Why you should hire a juggler (Or the similarities between learning to juggle and learning to code)

Learning new juggling moves is a task that benefits from breaking down into smaller, more achievable goals. In this respect it is very similar to learning a new coding language or framework.

Take my favorite 3 ball juggling move, for example: the Box.

In order to learn this we need to work out what is going on. There are three separate throws, two going up (one in each hand) and one going across.

Steps to learn the box:

1. One ball, up, across, up again

2. The hard part on both sides, with two balls (simultaneous up and side throw, not very intuitive but once you have it, it feels great)

3. Go for it. if you spent enough time on step 2, you can do it!

By the way, the example above is from https://libraryofjuggling.com/

Similarly in programming we have to break tasks down into pieces, only putting them together at the end. Recently I got a new job building an online app using Flask, JavaScript and a little bit of JQuery, Jinja and something called “Tabulator” for web tables (and Bootstrap for buttons).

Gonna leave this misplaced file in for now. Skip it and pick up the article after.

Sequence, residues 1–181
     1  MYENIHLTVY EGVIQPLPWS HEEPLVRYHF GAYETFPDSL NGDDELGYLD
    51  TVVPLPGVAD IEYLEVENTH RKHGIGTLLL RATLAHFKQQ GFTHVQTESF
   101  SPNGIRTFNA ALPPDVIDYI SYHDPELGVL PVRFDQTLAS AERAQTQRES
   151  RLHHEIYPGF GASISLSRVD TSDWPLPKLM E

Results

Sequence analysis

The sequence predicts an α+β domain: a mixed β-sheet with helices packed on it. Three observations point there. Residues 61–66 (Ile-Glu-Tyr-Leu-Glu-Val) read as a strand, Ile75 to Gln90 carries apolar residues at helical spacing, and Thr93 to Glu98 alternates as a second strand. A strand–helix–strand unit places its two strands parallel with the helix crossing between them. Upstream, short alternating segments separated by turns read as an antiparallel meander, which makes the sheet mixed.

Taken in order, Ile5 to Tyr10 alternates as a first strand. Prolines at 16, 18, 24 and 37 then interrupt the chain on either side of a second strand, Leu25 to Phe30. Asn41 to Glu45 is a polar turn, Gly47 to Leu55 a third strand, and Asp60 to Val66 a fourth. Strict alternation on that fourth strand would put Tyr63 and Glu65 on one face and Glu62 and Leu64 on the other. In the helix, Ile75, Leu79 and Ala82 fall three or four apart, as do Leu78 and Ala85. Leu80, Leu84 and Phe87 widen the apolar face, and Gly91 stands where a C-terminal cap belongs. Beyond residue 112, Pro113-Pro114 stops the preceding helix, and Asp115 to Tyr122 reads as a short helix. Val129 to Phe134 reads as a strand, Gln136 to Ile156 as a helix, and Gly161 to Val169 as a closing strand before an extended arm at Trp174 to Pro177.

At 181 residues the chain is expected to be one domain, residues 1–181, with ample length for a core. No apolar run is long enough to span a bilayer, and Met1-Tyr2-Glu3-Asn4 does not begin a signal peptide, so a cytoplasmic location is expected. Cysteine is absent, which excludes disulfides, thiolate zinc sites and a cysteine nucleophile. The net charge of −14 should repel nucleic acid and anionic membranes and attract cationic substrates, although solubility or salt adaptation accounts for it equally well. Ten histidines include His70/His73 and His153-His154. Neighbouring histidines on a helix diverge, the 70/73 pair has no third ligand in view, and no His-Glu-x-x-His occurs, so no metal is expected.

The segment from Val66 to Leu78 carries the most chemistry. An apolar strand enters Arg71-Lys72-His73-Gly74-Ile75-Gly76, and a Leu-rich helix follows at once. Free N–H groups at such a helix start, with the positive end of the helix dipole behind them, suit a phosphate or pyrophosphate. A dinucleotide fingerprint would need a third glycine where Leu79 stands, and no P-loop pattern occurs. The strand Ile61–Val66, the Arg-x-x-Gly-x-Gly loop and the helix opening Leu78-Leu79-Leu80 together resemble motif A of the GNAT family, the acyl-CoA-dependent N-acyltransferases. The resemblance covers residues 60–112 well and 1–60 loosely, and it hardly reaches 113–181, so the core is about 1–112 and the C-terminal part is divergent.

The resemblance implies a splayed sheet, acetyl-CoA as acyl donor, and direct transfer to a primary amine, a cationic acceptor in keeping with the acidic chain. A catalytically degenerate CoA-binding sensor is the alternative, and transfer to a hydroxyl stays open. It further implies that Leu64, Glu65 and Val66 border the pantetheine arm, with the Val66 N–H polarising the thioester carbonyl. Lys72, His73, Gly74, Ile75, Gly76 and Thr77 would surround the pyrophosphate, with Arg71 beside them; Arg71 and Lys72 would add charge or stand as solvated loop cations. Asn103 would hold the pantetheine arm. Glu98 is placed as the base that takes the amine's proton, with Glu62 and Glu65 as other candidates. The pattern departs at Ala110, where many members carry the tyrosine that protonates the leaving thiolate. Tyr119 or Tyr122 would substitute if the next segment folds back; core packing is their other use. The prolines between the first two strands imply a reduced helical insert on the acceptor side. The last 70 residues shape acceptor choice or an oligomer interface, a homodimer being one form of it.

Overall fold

Previously I had only worked in Android (Java) and Arduino (C++), so at least the syntax made sense on the front end, but in order to get the basics down I started by going through the FreeCodeCamp examples. Once I knew how to call a function, parse an array, set up a library and so on it was time to move on to the next step – building a basic program which works.

Finally I gained enough understanding of the inner workings that I was able to add/remove features without being afraid of breaking things and could start to enjoy building something.


In Juggling, I learned that being able to keep up the pattern without dropping is only part of the process. As soon as I wanted to show off my new moves I was faced with another set of problems to solve. After some more practice, I learned that every juggling routine needs a flashy start and finish (to get people’s attention). It’s also important to be able to juggle without looking at the pattern, while talking at the same time.

In the software world this is called deployment. Personally I like going with my own Ubuntu based server (hosted by Digital Ocean ) but there are many options out there, each with their own different requirements to learn. The new job I mentioned is hosted on Google Cloud.


Conclusion and take away message: practice is always an important part of learning anything, but the basics need to be covered at first and you should definitely hire a juggler.

Check out my CV! (soon to include Python, Flask, JavaScript, Jinja, Google Cloud Services, and more)

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